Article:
Obama's report card: must try harder to communicate
The US president has had many successes but is a wretched communicator, writes NICHOLAD D KRISTOF
ONCE, ON a backpacking trip, I slipped on a steep ice sheet and began sliding uncontrollably towards the edge of a cliff overhanging an icy river.
Luckily, my son pulled me to safety with his trekking pole. Am I better off now than I was when I was sliding toward the abyss? Duh!
That’s a useful starting point in any assessment of US president Barack Obama. In many ways, his first term has been disappointing: the economy remains weak, housing is a mess and, for a man with a silver tongue, he has been a wretched communicator. Then again, we’re incomparably better off than when we were tumbling toward another Great Depression.
With that in mind, let me offer a first-term report card for Obama.
In January 2009, the month Obama took office, America lost 818,000 jobs, according to the Bureau of Labour Statistics. That was the biggest monthly loss in six decades, and many feared a complete banking collapse.
Obama rescued the banking and auto sectors. Independent estimates suggest his stimulus may have saved or created more than three million jobs, and an anaemic recovery began. The Economist magazine, conservative by nature, assessed: “His handling of the crisis and recession were impressive.” However, the administration blew it with over-optimistic comments that shredded its credibility. It was also too generous to banks in negotiating their rescues, and it often seemed oblivious to resentment of crony capitalism, and to broader issues of economic inequality.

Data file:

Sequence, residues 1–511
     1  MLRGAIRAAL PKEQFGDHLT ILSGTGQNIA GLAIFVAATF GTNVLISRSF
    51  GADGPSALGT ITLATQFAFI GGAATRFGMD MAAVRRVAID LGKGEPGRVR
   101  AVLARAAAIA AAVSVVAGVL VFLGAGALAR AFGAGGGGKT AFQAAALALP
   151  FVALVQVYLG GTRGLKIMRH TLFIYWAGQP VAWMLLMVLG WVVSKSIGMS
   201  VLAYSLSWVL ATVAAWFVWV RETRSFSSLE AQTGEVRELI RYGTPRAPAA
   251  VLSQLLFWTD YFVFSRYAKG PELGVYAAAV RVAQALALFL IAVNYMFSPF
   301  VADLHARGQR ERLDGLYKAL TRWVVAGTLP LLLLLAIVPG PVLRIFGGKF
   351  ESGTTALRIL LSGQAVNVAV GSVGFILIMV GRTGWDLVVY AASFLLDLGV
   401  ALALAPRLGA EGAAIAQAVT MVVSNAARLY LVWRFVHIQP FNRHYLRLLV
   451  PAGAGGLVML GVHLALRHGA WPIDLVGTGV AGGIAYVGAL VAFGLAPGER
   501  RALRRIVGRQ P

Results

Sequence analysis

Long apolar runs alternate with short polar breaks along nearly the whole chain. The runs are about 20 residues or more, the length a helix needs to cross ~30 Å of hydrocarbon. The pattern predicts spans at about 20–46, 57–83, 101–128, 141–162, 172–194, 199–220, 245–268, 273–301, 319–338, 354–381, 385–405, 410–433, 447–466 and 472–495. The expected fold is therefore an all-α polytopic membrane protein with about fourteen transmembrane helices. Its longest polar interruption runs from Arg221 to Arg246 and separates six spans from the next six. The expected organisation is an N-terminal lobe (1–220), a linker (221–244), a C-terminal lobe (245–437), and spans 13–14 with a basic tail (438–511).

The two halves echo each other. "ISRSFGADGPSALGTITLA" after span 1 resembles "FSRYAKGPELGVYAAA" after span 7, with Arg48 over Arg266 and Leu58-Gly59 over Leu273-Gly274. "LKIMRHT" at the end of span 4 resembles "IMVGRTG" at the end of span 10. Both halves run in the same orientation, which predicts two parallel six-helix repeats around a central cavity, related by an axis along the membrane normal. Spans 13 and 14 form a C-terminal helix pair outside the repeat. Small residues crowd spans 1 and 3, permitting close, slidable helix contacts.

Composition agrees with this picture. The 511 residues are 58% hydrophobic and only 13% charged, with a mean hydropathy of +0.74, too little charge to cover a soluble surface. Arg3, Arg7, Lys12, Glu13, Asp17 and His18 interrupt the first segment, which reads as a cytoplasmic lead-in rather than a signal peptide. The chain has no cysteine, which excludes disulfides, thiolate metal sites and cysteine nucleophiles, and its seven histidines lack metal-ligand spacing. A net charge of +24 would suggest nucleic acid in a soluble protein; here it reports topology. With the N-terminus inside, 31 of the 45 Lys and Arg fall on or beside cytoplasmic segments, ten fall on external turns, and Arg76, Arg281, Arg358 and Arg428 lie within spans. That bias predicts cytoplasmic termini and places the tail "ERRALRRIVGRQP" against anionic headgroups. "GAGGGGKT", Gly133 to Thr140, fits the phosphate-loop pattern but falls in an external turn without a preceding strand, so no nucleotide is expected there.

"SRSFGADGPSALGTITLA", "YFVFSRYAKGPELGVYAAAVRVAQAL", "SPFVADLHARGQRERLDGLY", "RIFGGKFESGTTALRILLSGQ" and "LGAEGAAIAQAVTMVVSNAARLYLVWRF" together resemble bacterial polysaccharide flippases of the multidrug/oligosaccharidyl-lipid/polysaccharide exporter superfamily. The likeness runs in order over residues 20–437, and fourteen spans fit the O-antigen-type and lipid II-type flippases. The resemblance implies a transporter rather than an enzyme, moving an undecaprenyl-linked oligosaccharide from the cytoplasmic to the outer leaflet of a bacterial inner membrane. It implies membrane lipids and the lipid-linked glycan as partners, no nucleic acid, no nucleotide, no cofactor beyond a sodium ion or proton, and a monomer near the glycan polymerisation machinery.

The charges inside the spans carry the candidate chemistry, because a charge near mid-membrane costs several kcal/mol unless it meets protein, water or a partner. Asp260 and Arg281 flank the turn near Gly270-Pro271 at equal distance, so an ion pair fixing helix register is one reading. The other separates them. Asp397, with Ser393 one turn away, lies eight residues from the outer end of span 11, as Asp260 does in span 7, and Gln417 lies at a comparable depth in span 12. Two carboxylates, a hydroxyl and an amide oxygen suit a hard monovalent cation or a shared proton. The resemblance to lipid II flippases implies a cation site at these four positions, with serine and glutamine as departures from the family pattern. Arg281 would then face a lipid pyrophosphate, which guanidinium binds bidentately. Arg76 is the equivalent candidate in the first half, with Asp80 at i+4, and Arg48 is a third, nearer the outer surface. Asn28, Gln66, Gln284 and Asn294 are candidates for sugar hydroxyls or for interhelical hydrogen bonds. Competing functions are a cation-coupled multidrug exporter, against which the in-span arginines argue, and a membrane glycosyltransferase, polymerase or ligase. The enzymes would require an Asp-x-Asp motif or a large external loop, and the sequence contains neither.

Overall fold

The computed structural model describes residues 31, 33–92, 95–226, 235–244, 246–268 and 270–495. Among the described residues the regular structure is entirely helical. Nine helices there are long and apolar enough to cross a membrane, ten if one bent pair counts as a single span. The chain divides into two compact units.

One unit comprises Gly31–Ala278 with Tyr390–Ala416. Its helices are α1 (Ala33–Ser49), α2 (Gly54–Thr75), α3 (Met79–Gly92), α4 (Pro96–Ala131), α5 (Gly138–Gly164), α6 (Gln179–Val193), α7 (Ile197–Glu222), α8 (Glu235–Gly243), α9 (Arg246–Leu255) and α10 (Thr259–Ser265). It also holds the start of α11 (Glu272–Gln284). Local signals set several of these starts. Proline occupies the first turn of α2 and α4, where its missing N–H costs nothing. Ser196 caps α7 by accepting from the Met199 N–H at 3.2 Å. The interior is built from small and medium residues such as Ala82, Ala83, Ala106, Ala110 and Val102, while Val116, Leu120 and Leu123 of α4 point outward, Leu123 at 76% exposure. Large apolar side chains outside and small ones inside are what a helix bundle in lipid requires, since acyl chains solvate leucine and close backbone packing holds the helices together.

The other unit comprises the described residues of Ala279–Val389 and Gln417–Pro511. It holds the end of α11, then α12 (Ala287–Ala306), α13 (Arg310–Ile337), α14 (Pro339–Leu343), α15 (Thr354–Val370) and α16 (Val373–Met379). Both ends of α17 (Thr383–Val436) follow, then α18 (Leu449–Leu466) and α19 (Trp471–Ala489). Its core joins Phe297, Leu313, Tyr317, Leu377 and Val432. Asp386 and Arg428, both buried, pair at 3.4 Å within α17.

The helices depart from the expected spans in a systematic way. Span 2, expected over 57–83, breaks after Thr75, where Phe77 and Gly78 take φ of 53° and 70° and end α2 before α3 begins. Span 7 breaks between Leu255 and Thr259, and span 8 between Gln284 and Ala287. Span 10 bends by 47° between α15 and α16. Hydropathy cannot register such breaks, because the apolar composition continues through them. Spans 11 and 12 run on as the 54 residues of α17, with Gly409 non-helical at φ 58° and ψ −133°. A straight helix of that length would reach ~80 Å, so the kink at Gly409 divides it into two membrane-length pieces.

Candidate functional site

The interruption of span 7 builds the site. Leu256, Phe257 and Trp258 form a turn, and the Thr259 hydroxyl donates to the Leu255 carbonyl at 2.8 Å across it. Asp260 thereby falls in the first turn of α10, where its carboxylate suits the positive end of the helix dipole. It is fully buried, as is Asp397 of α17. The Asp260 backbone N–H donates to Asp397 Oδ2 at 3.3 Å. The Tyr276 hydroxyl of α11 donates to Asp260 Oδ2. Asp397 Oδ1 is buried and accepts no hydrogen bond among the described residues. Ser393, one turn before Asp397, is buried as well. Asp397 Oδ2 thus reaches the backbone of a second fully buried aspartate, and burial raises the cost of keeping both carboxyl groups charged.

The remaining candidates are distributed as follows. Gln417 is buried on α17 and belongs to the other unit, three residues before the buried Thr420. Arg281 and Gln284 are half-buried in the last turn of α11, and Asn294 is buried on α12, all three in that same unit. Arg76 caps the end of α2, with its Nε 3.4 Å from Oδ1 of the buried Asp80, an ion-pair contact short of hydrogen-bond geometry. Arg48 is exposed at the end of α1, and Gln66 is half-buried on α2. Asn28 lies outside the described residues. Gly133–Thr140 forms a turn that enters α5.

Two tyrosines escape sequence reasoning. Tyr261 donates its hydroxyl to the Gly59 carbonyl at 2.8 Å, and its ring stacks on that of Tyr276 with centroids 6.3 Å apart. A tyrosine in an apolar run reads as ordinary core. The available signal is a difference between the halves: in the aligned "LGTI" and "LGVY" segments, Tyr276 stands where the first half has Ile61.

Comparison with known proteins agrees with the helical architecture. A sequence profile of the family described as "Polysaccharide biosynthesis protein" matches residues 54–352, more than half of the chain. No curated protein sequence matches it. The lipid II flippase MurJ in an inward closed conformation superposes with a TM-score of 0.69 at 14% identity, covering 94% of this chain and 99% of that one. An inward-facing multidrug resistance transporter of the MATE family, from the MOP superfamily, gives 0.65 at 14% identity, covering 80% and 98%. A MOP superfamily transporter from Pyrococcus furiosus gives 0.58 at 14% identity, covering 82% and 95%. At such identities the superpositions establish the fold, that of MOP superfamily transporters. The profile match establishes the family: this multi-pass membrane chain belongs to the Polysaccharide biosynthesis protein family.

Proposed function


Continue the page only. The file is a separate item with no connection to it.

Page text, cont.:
Worst of all, Obama dropped the ball on housing, betraying struggling homeowners. Far fewer mortgages have been modified or refinanced under administration programmes than expected, and some Americans have lost their homes as a result, exacerbating inequality. Underwater mortgages have been a drag on the entire economy.
Democrats traditionally favoured every anti-poverty programme except the one that might be most effective: reform of inner-city schools. Finally, that has changed under Obama and his education secretary, Arne Duncan. They have pilfered Republican ideas and repositioned the Democratic Party to make school reform a top priority. They are willing to offend teachers’ unions but recognise the practical need to work closely with them. Obama’s Race to the Top initiative bribed states to devise their own school reforms, a cost-effective way to achieve nationwide change.
Obama has pushed Pell grants to make college more affordable and has promoted investments in community colleges. Unfortunately, he hasn’t done quite as well on early childhood education, which should be every bit as much a priority as tertiary education.